Poterala said that although the expiration of the cisplatin and carboplatin patents was undoubtedly a big driver for the university’s recent efforts to bolster its tech-transfer efforts, he felt that MSU’s tech-transfer office has not really been complacent but, as Gray said, undermanned and underfunded.
“The interesting thing about the success that MSU had in licensing carboplatin and cisplatin was that it occurred before there was ever a formal tech-transfer office set up,” Poterala said. “It happened before the whole tech-transfer industry really existed.
“The university is recognizing now that tech transfer is something that is very important for a large research university to do well at,” he added. “We need to do it if we’re going to be supportive of faculty, and we need to do it in our case as a land-grant institution to make sure we meet our mission. The university has just recognized that it needs to make a bigger commitment to tech transfer in terms of resources if it wants to be successful.”
To that end, MSUT plans to more than double its staff in the coming months to about a dozen employees, and “implement a more robust commercial assessment of our invention disclosures to help us improve our licensing and other commercialization efforts,” Poterala said. “Those are the two biggest changes you’ll see that will represent a departure from the past office of IP.”
As part of its growth, MSUT hopes to expand the number of technology managers from three to nine and make them more “college-specific;” and is currently searching for an associate director, database manager, and other employees with IP-management experience, Gray said.
“While we have a rich technology background, we need to match the expertise of our faculty with the expertise of our tech-transfer operation,” Gray said. “That was the basis for change – to take a look at what we’ve got and really become more of a business-savvy organization with people who have lived the world of tech transfer. University faculty and administrators believe they can do everything, and they just can’t.”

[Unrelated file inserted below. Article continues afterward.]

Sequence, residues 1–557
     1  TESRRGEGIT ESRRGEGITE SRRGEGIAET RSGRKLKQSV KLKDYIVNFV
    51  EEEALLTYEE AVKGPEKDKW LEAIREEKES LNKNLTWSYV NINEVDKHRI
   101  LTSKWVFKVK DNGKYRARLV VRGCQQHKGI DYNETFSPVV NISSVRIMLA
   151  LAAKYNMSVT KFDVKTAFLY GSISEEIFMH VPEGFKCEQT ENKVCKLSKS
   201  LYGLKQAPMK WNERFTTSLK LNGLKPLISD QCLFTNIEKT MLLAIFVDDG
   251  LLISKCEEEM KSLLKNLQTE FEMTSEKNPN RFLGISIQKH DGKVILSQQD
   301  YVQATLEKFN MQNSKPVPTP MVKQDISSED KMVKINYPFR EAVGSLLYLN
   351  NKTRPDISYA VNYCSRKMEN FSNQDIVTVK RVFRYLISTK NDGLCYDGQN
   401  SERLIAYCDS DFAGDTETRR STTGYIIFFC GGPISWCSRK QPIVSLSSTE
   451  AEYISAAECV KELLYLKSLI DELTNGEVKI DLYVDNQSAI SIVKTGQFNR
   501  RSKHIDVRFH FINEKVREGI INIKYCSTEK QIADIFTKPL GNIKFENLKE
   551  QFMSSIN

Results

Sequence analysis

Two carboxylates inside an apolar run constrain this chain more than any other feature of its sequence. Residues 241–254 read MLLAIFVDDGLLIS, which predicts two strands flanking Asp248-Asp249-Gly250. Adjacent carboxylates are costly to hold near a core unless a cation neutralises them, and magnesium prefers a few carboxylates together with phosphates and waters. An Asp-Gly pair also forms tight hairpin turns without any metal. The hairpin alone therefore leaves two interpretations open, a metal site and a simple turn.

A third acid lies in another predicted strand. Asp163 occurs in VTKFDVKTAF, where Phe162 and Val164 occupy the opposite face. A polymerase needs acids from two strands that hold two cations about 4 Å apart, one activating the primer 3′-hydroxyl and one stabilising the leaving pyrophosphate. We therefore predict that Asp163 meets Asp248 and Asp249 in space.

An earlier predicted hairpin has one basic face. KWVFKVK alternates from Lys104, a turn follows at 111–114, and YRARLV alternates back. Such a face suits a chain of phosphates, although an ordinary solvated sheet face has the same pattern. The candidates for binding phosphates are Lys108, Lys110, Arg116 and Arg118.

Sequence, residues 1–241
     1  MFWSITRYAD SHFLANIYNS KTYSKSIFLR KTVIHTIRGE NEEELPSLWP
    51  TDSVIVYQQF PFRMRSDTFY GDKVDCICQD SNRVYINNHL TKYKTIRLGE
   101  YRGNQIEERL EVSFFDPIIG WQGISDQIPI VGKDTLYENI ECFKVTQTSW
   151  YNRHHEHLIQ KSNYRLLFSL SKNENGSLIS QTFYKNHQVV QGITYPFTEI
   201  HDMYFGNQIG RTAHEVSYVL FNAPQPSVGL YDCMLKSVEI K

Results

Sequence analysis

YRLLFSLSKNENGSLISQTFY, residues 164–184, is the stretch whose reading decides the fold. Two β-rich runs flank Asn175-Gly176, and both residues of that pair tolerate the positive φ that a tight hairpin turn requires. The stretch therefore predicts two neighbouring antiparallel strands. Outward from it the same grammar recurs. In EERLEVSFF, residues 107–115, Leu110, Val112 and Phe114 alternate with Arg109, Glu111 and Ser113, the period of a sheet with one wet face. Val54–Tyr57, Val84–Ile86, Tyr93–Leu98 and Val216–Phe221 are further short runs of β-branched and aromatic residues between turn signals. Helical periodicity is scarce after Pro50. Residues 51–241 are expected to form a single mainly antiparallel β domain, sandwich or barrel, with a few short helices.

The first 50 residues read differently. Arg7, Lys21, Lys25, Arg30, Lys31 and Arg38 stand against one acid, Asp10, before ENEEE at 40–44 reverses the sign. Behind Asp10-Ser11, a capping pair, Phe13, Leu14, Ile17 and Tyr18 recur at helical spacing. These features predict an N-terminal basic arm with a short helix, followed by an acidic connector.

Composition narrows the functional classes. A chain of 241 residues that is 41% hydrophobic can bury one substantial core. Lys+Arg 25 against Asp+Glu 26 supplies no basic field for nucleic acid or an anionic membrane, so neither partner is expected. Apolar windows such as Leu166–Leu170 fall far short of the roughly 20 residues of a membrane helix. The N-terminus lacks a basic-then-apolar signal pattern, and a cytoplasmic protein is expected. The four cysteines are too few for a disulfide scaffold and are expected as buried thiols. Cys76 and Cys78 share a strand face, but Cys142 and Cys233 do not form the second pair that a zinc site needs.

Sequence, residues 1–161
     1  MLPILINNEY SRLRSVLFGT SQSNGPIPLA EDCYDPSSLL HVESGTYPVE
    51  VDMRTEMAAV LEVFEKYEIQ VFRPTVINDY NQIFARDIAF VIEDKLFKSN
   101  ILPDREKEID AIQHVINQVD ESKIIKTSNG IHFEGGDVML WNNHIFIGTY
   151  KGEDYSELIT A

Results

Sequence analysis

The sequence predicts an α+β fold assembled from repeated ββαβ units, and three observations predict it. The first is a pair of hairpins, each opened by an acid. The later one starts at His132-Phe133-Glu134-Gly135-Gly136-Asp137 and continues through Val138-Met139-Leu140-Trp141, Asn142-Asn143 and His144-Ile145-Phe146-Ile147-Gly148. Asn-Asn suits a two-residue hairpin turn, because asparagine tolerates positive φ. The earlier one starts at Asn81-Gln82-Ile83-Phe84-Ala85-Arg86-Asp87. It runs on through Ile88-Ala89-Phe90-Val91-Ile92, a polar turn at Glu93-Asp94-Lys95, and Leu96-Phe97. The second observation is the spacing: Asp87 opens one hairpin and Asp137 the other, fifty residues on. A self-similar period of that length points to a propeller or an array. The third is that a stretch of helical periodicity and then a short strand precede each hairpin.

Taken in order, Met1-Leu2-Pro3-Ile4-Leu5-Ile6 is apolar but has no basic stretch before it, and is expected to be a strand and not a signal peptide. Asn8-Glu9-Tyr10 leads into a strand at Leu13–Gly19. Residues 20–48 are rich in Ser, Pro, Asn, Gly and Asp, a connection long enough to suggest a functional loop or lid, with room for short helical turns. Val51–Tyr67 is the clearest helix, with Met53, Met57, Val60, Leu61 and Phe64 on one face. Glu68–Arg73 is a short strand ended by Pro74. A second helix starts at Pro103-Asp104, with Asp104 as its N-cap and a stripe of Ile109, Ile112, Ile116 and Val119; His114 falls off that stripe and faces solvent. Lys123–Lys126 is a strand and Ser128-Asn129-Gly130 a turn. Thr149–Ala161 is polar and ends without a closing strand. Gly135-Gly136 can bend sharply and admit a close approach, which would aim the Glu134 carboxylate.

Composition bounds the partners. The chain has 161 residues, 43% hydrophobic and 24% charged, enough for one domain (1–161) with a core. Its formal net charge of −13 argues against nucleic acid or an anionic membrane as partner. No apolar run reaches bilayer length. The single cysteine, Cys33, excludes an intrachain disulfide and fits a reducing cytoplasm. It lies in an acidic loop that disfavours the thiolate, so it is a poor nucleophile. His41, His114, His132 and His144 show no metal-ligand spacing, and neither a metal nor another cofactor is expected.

Furthermore, MSU has tapped a consultant named Mike Fritz who, according to Gray, helped overhaul and revitalize the office of technology management at the University of Illinois.
“He was willing to help us take many of these successful elements of the Illinois model and incorporate them into MSU,” Gray said. “He’s employed by us now for about 40 or 50 percent of his time until we get this model going. And Illinois has been very successful, when you look at its OTM and how it is linked into Illinois Ventures and the incubator they’ve got there.”
But the most pressing charge for MSU now is to do a better job of sorting through the technologies available on campus and assessing their commercial potential, Poterala said, a process that starts with communicating and earning the trust of faculty members.
“Obviously when you’re at a research institution that is now close to $400 million in sponsored research … diverse discoveries [are] coming out of that [research],” he said. “To really understand how they are going to fit in the marketplace, it’s tough to have enough people on your staff to be able to analyze the commercial potential of every one of those.”